Interview: Robbie Chanin

Glitterati is the dA’s second open show of the year.  It celebrates all things glittery, shiny, sparkly, and metallic.  Enter Philip “Robbie” Chanin, professional glitterist.  This is his first time exhibiting at the dA, and excitement over his work quickly spread among the gallery.  Internet research produced a hefty amount of photos documenting his work, but very little info about the artist.  Lucky for us, he took the time to answer a few questions about himself, his art, and glitter as a medium.

dA: Tell us a bit about yourself.

Robbie Chanin: My name is Philip Robert Chanin. I’m from a town called Gallatin, Tennessee. I was born deaf, the youngest of four deaf children in a staunchly religious home. I briefly attended Gallaudet University School for the Deaf and Blind during 2006 during a campus uprising now known as Deaf President Now. After selling 500 paintings since I began painting professionally at the age of 19, Director John Cameron Mitchell of “Hedwig And the Angry Inch” fame approached me and commissioned a painting for the movie “Rabbit Hole” (2010) starring Nicole Kidman. In 2010, while living in Washington Dc, actor Kal Penn of “Harrold and Kumar Goes to White Castle” purchased a painting from me.

dA: What made you first want to become an artist?

RC: It was learning to harness the power of artistic voice, as a deaf man, that has humbly taught me that some things are neither right nor wrong, they are just expressions of who we are. I have found that discovering what makes you, ‘you’ is one of the most beautiful gifts we give ourselves. My journey in finding myself has had a longer path because I did not embrace my deafness when I was younger. Lipreading is the art of picking up social cues and responding to your environment, and having been raised in these surroundings I find that I respond to the world through faces–and their expressions.

dA: Can you tell us a little about the mediums you work in? What made you first want to work with glitter?

RC: I work primarily on stretched canvases using acrylic medium paints and various grades of non-toxic glitter. Sometimes, I experiment with inexpensive decorations like tassel, pom-poms, sequins, and beads because I believe that painting is more than the artistic arrangement of the paint medium, it’s a verb of analytical construction and deconstruction, as we have a dialogue with ourselves.

dA: Where does your inspiration come from?

RC: I have been inspired to use inexpensive mediums that are made to look expensive and gaudy. To me, glitter is like a “poor man’s” medium, but used correctly it can make anything shine and sparkle with a value more than it’s actual worth. I am learning to develop other more practical applications for my favorite medium, like using it as a substitution for sand in sand art. Emotionally, my work comes from the unanswered questions I have about strangers, and what their facial expressions convey to me. I work in the abstract portraiture form, and being deaf, I am good at creating a story where none is told.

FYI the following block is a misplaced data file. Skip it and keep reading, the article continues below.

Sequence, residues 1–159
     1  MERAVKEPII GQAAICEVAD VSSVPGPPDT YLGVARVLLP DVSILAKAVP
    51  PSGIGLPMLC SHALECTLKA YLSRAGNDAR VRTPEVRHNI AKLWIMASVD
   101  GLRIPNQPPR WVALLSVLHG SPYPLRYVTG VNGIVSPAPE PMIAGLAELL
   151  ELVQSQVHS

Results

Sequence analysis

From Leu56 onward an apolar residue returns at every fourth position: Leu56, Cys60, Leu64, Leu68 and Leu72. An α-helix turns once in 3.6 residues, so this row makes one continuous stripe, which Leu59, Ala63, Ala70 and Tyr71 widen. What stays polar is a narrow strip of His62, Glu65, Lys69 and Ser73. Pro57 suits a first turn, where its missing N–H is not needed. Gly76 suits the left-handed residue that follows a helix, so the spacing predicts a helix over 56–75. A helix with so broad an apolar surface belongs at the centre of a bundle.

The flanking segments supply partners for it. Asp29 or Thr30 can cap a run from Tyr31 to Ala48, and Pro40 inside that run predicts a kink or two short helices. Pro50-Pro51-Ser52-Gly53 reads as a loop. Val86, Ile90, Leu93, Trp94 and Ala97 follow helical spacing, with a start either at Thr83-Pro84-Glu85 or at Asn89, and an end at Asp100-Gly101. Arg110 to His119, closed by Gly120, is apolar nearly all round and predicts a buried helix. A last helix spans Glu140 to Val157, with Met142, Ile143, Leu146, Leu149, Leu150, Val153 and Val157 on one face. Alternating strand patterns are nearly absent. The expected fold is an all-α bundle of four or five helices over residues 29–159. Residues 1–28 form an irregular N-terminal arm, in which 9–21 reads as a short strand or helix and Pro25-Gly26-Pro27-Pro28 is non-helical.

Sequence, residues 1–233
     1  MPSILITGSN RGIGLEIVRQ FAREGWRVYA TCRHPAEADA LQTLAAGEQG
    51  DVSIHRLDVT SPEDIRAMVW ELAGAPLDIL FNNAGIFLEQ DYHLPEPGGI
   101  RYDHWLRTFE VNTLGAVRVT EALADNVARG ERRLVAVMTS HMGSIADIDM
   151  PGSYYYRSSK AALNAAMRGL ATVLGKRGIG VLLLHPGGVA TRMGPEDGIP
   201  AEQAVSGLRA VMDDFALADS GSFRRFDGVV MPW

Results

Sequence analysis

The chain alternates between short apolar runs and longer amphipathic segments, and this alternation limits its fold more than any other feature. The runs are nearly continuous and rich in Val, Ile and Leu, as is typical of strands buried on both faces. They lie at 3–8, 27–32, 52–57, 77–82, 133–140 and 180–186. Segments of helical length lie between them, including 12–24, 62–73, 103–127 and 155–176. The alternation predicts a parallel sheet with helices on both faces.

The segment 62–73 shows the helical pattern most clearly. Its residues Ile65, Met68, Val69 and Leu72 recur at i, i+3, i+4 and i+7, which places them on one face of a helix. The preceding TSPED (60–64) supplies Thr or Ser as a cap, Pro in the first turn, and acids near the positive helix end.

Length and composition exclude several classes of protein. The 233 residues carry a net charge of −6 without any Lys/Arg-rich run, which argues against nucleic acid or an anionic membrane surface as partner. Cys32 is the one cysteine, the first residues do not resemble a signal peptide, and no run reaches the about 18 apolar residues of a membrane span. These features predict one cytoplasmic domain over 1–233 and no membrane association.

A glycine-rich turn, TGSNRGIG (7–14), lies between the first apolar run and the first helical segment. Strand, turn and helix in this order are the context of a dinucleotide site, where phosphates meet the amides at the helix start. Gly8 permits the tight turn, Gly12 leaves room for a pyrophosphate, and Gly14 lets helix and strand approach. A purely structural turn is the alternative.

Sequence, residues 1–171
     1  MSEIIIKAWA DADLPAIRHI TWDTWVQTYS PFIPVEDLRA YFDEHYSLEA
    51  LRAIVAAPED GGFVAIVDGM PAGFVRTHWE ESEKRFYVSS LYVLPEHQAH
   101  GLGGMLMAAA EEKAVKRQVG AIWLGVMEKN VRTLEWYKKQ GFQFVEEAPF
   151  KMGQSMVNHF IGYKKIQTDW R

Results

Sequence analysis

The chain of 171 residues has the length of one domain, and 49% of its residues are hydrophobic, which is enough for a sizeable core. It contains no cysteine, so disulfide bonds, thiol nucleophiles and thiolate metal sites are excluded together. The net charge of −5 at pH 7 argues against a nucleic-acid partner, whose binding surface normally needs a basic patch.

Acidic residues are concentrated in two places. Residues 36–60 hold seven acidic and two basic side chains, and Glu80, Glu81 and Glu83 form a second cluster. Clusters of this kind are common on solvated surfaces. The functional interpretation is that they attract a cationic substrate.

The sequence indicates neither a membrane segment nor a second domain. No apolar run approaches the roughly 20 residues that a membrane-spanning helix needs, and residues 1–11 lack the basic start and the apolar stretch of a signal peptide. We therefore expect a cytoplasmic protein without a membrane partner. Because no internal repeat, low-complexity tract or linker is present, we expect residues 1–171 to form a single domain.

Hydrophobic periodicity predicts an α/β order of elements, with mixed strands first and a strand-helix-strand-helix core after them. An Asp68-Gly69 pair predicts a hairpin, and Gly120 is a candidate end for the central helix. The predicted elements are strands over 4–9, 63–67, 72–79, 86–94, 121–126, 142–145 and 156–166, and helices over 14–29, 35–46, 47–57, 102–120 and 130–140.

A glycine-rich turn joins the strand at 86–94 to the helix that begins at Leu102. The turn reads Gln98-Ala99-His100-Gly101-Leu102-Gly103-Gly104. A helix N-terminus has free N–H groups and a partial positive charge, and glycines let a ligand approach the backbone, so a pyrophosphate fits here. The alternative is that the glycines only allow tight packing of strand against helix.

dA:  Tell us about some of your influences both the obvious ones and the less obvious ones.

RC: I am influenced by the more famous painting legends like Picasso, Monet, and Francis Bacon because I think I identify less with subject matter and stylization and more with my pure love-affair with color and light, as well as learning and experimenting with ideas.

dA: What’s next for you? Do you have any upcoming shows or projects?

RC: I have paintings on display at Gallery U in Montclair, New Jersey (which is operated by people with brain-injuries as a part of their rehabilitation into the workforce), and a fundraising campaign on to raise contributions to build my dream gallery aptly called ‘Glitter Gallery’ to show the world how glitter has changed my life. Currently, I am developing my blog which can be found on: I do lots of animal portraiture commissions; it’s become my ‘thing’ created in glitter (pet caretakers love these commissioned paintings and I’m always pleased to capture the facial expressions of beloved animals).

Don’t miss Glitterati opening this Saturday at the dA:

The dA Center for the Arts Presents:

Glitterati | March 10-31, 2012
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